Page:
I asked a few of the leaders in the e-discovery world their reaction to the Microsoft Equivio deal. Most of them responded, some on the record, some off, and some both on and off. Here is my report, on what every one seems to agree is very big news indeed, at least for our industry.

Business Press View of the Microsoft Equivio Deal

Before I share the industry insights, it is interesting to see how the general business world views the deal. First, as the WSJ article that broke the news exemplifies, they do not even seem to know that a e-discovery industry exists, nor that Equivio is part of it. Instead, the WSJ just describes Equivio as a startup company that has created:

text analysis software that can group together relevant texts from large amounts of documents—including emails and other organizational social and collaboration networks—using machine learning algorithms. The algorithms generalize samples of texts marked as relevant to the issue at hand to apply the sorting logic to groups of texts, such as legal documentation.

The article states that the technology is already in use by organizations that provide litigation support services to law firms and corporate legal departments. Well, at least the business world seems to knows that there is some sort of litigation support industry. The job our industry supposedly performs is also misunderstood. It is over simplified to the point of absurdity. The WSJ level of comprehension in this area is exceedingly low. They think the job of litigation support is to, as they put it, try to extract relevant data, such as legal contracts, from massive amounts of documents.

amir_marloSo apparently the tens of thousands of us in the e-discovery world spend our professional lives trying to find legal contracts. My, what idiots we must all be! And by implication, what idiots Microsoft must be to spend $200 Million for a company that has developed software with machine learning to find contracts. Wrong! There is much more to predictive coding than meets the eye of the average business journalist, most of whom have never even heard of the term, much less of Mr. Milo. Whatever the final price may be, the Two Hundred Million number sounds about right to me. No one else I talked to seemed shocked by the price either, which was certainly not true about Hewlett Packard’s ill-fated purchase of Autonomy for $10 Billion. Although a few friends I talked to did say that the next time they have dinner with Milo they are going to let him pick up the check.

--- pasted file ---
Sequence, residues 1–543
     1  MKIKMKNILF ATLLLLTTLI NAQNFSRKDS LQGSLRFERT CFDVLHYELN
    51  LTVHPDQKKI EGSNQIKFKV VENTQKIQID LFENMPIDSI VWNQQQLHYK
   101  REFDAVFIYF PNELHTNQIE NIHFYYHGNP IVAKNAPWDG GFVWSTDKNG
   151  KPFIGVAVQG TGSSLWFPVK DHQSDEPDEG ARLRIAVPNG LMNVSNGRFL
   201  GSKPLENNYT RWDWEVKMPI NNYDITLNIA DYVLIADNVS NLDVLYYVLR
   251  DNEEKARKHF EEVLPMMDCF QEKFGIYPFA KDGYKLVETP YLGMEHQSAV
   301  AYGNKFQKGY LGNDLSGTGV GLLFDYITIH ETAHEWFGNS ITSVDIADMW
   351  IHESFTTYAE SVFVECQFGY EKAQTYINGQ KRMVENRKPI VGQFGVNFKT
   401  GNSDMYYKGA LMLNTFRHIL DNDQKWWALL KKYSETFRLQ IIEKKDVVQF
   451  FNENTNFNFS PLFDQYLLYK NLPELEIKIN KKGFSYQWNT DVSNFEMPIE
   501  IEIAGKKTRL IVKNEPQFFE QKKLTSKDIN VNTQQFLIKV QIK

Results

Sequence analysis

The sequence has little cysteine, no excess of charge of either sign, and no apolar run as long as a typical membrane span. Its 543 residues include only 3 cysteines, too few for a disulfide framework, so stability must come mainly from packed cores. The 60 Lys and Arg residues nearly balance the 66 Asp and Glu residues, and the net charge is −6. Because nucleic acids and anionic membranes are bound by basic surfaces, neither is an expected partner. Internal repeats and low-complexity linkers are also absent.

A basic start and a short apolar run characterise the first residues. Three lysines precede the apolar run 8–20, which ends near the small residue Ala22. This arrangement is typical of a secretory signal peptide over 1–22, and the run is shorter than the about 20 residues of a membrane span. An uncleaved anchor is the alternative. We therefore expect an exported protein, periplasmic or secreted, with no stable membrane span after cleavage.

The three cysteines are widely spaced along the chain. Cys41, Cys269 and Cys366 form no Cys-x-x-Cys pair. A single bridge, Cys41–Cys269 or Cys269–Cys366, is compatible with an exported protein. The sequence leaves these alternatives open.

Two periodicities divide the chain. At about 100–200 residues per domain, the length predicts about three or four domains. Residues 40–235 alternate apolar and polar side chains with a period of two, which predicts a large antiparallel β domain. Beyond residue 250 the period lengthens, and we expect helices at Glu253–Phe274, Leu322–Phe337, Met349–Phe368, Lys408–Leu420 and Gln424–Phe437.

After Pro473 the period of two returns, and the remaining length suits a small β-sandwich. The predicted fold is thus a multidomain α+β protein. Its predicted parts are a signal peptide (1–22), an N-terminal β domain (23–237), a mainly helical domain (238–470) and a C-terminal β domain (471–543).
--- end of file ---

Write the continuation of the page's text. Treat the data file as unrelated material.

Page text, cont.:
Industry Insider On-The-Record Comments

I will start off by reporting the comments where I have been given permission to quote with attribution. Then I will share a few comments where I was provided permission to quote, but not provide attribution. Some insiders also provided interesting background type information and speculation, which I do not have permission to quote or cite in any way. These comments inform my own opinions, which, you can rest assured, will also appear in this blog, but in Part Two, along with any straggler comments I may receive.

But first the attributable quotes, with thanks to the many who quickly responded to my vague questions, and agreed to go on the record about this very interesting, yet, as of today, still only rumored deal. As you can see my favorite industry insiders have a lot to say about this deal. Some of it is kind of corporate approved general writing, but there are also some controversial and strong opinions in here. Plus you will find some deep thoughts about our industry in general, not just this one deal.

Jason R. Baron (Of Counsel, Drinker, Biddle & Reath LLPwho broke the news to me of this story and so gets the lead): “I consider the deal to be a good thing for the legal tech sector.  As we see bigger players with more market power recognizing the value that firms like Equivio contribute, we can hope that the bigger firms will leverage their greater influence to accelerate adoption of good IG practices.”



Craig, Ralph & Jason at some sort of e-disco event